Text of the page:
Breaking up is hard
Written by listed counsellor/psychotherapist: Owen Redahan. MBACP. B.Sc.(Agr)
4th September, 20140 Comments
As humans one of the most exciting and rewarding things to happen to us is finding a partner with whom we feel we can live the rest of our lives. The buzz, the feel-good factor, the positive attitude to life and all that it throws at us. But what happens if it all goes wrong?
Relationships tend to follow a certain pattern. You meet someone; you like them and they like you; you spend time together. This can then evolve into physical intimacy. The hormonal drive of the body to pair up takes over and friends begin to complain that they never see you. But life is fantastic.
But then within months the two of you begin to come down from the clouds. Do you actually like this other person? Do you like how you have changed? Are they really ‘the one’? Unfortunately not always. The challenge can be if one of the couple feels that this is the relationship for life and the other doesn’t.
But the memory of the good times encourages us to try to “save” the relationship. And there may be reasons that it is faltering, rather than dead, and going to a counsellor may help. Poor communications can be a major problem - usually the belief that he/she can read my mind and so should know what I want. Does that ring a bell? But there can be other influencers - boredom, meeting someone else, differing sexual needs or feeling that you have little in common for example.
Relationships take a lot of time and effort. The problem is that usually at the start they don’t. They’re just wonderful. But, if you feel that he/she is worth it, then putting the effort in can make the relationship more solid.
Sometimes, however, even with all the effort in the world a relationship is not to be. The pain of realisation and then of breaking up can be overwhelming. In fact it is very much like going through the pain of loosing someone very close to you through death. And there are similarities. Not only is this the death of the relationship but also of your dreams, hopes and future.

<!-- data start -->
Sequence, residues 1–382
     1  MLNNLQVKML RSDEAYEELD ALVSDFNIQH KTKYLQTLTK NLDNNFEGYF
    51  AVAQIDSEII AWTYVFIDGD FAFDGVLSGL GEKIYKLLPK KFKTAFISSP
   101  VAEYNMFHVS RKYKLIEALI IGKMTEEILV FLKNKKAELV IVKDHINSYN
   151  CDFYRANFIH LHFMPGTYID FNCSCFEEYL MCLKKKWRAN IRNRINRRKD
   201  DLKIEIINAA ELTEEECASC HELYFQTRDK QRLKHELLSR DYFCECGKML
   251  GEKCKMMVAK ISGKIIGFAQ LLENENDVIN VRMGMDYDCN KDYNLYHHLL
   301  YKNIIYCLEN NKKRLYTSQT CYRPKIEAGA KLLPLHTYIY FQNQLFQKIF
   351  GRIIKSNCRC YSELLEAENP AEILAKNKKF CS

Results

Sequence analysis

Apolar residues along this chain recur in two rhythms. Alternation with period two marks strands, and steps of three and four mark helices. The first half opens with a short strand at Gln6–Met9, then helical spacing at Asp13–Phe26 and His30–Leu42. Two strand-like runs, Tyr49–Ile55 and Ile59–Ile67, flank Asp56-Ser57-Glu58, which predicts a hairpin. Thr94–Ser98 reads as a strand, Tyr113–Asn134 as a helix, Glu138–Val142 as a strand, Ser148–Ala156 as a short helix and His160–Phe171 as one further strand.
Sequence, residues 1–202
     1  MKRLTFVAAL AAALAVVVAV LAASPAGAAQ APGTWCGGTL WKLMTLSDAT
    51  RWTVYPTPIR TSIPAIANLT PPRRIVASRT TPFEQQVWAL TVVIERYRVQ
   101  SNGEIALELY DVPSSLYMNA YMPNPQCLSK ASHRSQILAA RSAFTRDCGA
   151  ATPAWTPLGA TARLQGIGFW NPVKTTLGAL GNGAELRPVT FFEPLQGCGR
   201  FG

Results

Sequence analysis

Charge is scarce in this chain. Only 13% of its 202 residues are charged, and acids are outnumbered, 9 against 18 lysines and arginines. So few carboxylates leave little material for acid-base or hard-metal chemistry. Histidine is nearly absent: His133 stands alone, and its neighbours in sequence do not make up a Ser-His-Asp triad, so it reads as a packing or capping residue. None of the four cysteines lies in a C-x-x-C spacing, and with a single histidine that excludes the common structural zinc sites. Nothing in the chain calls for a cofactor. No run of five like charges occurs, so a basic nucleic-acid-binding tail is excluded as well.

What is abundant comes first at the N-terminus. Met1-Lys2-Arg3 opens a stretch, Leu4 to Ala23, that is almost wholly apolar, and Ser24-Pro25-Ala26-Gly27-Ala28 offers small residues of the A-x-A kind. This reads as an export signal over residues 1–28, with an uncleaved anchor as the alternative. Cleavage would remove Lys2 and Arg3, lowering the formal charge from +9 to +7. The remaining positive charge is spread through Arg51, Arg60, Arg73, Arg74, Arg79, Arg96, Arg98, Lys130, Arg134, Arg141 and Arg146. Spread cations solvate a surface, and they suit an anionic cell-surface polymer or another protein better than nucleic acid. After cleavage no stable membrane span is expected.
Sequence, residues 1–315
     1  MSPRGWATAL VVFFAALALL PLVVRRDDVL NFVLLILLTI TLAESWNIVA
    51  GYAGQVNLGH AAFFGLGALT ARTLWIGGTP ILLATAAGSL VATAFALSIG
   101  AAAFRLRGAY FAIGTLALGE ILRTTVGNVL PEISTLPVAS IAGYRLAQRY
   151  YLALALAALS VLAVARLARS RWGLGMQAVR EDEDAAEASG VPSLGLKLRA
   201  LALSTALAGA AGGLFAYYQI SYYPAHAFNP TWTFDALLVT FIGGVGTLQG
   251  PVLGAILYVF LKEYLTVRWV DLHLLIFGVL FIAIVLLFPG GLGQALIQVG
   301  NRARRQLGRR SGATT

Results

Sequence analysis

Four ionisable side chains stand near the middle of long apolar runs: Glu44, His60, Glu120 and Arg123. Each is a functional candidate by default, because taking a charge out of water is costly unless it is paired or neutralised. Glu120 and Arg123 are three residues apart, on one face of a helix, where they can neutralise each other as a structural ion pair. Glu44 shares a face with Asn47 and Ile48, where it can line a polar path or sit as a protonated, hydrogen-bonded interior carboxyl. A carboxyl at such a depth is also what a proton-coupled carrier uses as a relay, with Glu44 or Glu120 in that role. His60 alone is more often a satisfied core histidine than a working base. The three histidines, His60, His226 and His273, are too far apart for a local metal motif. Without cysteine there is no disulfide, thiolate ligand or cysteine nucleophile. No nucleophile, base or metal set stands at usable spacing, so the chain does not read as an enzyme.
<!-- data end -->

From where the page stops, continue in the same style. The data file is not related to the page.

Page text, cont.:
For most it is an extremely emotional and traumatic experience. Even if you have been abused and know the relationship isn’t healthy or if you are the person who has decided to do the breaking up. That pain, unfortunately, can be magnified by the modern trend of being told of the break-up by text, email or even on social media. How cruel is that. Not even to be told face-to-face when you have shared so many intimacies together.
It is important to find someone you can connect with who will give you support. Unfortunately, sometimes that person can be the one who is breaking up with you. Talking to a counsellor or a very good friend may be another option. But trying to be brave and bottling feelings up can leave you at risk of stress and hold you back rather than helping you move on and forward.
Working through the breakup can also offer an opportunity. It is an intensely painful period but this pain may help you plan your future. It can help you learn what you do and do not want. It will also take some time. Each of us will mourn the loss of a relationship both differently and for different periods of time. But take your time. Only you can decide when to take that first step to move on.
About the author
Owen works with individuals and couples. He focuses mainly on issues around self-esteem, relationships, sexual addiction and work problems using CBT and person focused therapies.
He holds a diploma in Counselling and is Vice Chair of ATSAC (the Association for the Treatment of Sexual Addiction and Compulsivity). He is based in Canary Wharf (E14).
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